The Ontario Federation of Agriculture (OFA) has commissioned the CIRAIG to conduct a study on the environmental and social sustainability attributes of purpose grown biomass (miscanthus, switchgrass, polyculture native grasses, willow, poplar) and crop residues (corn stover, wheat straw), and to elaborate a sustainability framework based on the Ontario environmental farm plan platform. Envisioned end-use of biomass is primarily energy (e.g. as a substitute for natural gas), but also green chemicals (e.g. succinic acid), or processed bio-products (e.g. for the processed wood market). This report focuses on how life cycle assessment (LCA) methodology could help evaluate biomass environmental and socio-economic attributes within the context of current regulatory and commercial sustainability schemes.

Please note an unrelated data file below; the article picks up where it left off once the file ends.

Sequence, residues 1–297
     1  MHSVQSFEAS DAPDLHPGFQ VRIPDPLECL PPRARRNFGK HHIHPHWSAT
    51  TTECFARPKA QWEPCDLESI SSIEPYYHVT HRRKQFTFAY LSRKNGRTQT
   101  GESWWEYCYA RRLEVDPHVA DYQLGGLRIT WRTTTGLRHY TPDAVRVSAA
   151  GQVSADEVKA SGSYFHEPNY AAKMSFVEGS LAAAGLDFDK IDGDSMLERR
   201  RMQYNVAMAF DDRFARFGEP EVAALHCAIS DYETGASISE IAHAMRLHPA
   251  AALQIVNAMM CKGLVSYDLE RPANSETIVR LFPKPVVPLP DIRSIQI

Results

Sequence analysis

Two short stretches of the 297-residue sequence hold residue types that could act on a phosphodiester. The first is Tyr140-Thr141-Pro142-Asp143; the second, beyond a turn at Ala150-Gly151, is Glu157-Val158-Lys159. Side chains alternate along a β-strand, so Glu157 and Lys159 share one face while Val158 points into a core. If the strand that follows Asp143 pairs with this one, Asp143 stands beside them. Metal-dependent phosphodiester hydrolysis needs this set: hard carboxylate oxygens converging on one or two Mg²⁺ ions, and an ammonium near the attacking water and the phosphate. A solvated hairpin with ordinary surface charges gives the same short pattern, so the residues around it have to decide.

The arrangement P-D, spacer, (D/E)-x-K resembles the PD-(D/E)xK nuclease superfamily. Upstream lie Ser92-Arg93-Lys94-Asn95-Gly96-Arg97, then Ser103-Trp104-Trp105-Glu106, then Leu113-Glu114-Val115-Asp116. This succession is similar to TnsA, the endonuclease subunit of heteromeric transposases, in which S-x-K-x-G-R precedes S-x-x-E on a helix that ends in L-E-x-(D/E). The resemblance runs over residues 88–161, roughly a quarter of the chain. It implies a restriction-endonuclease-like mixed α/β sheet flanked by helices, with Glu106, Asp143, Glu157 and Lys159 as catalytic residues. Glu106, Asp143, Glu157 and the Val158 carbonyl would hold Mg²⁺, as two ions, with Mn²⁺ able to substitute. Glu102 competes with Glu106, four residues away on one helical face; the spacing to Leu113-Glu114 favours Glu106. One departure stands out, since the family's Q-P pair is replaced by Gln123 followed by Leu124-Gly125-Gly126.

A literature review was performed from several perspectives. The first was to review the existing standards, initiatives and programs (SIPs) for the sustainability certification of agricultural biomass and to identify the attributes they are addressing. Most SIPs are actually related to the use of biomass for energy purpose, mainly biofuels. In relation to the requirements of the SIP identified, another perspective was to evaluate the capabilities and the current shortcomings of LCA methodologies, as well as the availability of data for LCA that are representative of the Ontario context. Even though LCA goes beyond climate change assessment (i.e. carbon footprinting), emphasis is put on the capability to account for local climate-related and soil-related specificities for a robust assessment of agricultural greenhouse gases (GHG) emissions and of the relevance of a carbon offset protocol. In order to identify the relevant stakeholders’ categories and the socio-economic attributes of sustainability of purpose grown agricultural biomass, this literature review also aims at following and adapting the Guidelines for Social Life Cycle Assessment of Products published by the United Nations Environment Program (UNEP) in collaboration with the Society of Environmental Toxicology and Chemistry (SETAC) in 2009. More precisely, the review focused on the stakeholder categories and the social issues of concern (subcategories) that are relevant to agricultural biomass production, but that are not actually covered by the Guidelines and also used academic papers as well as existing voluntary or mandatory sustainability standards relevant for biomass production to complement the Guidelines.
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